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A

Anonymous

> I need a breed of cattle that 1st
> time hefiers want reach maturity
> in breeding to soon and the right
> bull for calving ease so that I
> can let nature take its corse.I
> get to dishearted when having to
> pull calves are lose some due to
> them breeding to early or bull
> throwing to big of calves. I don't
> have enough room to seperate my
> hefiers and would like to keep my
> heifers and just change bulls
> every 2 years with no worrys of
> calving problems. Is this
> posiable?If so what breed would
> come closest and bull to meet this
> posablity?I was told longhorn
> would work,but I realy wanted
> something just a little more
> marketable. Thanks.

Murray Grey is your best bet.
 
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Anonymous

We raise Registered Texas Longhorns. Feed them so they have a "beefy" confirmation, but not "fat". We're not running a feedlot! Calves that are too fat have calving problems. Texas Longhorns, very gentle, intelligent, have 99.7% unassisted calving (per university research), and are excellent for 1st calf heifers...average 50-65# birthweight. Can calve into their late teens and even into early 20's! Excellent browsers, mothers, and all! Bill.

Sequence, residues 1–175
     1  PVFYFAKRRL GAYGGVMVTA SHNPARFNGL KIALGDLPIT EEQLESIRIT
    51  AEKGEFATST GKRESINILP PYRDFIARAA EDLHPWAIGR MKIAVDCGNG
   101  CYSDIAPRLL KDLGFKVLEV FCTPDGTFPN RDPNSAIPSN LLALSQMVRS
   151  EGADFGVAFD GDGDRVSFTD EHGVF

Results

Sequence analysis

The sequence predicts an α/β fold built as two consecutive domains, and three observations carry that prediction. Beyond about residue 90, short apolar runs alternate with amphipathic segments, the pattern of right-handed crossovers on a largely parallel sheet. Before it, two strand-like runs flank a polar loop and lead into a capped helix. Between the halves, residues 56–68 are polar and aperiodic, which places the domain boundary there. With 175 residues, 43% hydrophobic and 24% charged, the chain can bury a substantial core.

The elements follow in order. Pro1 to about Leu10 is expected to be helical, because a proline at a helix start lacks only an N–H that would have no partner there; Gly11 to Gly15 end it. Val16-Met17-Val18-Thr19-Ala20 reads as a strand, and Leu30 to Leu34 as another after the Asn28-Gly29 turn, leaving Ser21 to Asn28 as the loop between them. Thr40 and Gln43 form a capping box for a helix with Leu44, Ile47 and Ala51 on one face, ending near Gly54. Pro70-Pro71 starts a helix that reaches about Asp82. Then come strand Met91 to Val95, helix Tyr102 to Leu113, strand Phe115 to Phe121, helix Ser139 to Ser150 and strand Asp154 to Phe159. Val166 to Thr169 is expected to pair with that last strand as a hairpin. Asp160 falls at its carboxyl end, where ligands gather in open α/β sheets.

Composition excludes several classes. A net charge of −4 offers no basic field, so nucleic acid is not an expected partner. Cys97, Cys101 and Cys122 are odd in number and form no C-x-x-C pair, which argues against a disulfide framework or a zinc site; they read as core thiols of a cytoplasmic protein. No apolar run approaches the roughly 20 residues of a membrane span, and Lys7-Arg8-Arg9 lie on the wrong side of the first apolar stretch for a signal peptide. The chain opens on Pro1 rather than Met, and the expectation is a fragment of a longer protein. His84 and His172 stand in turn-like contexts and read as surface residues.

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Anonymous

I'd have to agree with Frankie. Sell the young heifers before they get bred and buy a heifer that's already calved. My husband has ranched for 50+ years and I a curious newcomer are one of a few that think 8-12 months is too young to breed, we've never had to pull any of their calves using Angus or Limo bulls. But, they never look as good as the heifers that get bred closer to 18+ months. Around here black and black/baldy sell for quite a bit more no matter what the breed. They say that the black baldy is more disease resistant and makes a better 'organic' cow. I don't know what's popular where you live though. You might ask the local ranchers their opinion too.

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Anonymous

I have just bought a Murray Grey bull to run with my heifer's. I am really pleased with his size and disposition and would recommend a Murray Grey bull. I looked into alot of breed's of bull's for my heifer's and visited alot of farm's and this was the best choice for me.
 
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Anonymous

I have lived on a Polled Hereford Farm for all my life. I personally feel that you should go with Polled Herefords. We also raise Beefmasters, but they don't calf as well and like to get a rowdy when got a newborn. If I was you I would go with a Victor Bull for your young heifers. Something like Heavy Hitter may be too big for your heifers although maybe later on you may decide to try him and be very pleased, but I wouldn't yet.

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Anonymous

> I got to dissagree with frankie about getting light cows out of a easy calving bull cows are supposed to look like cows not feeder steers. retain your heifers and use a terminal bull for the next calf crop Or just use Murray greys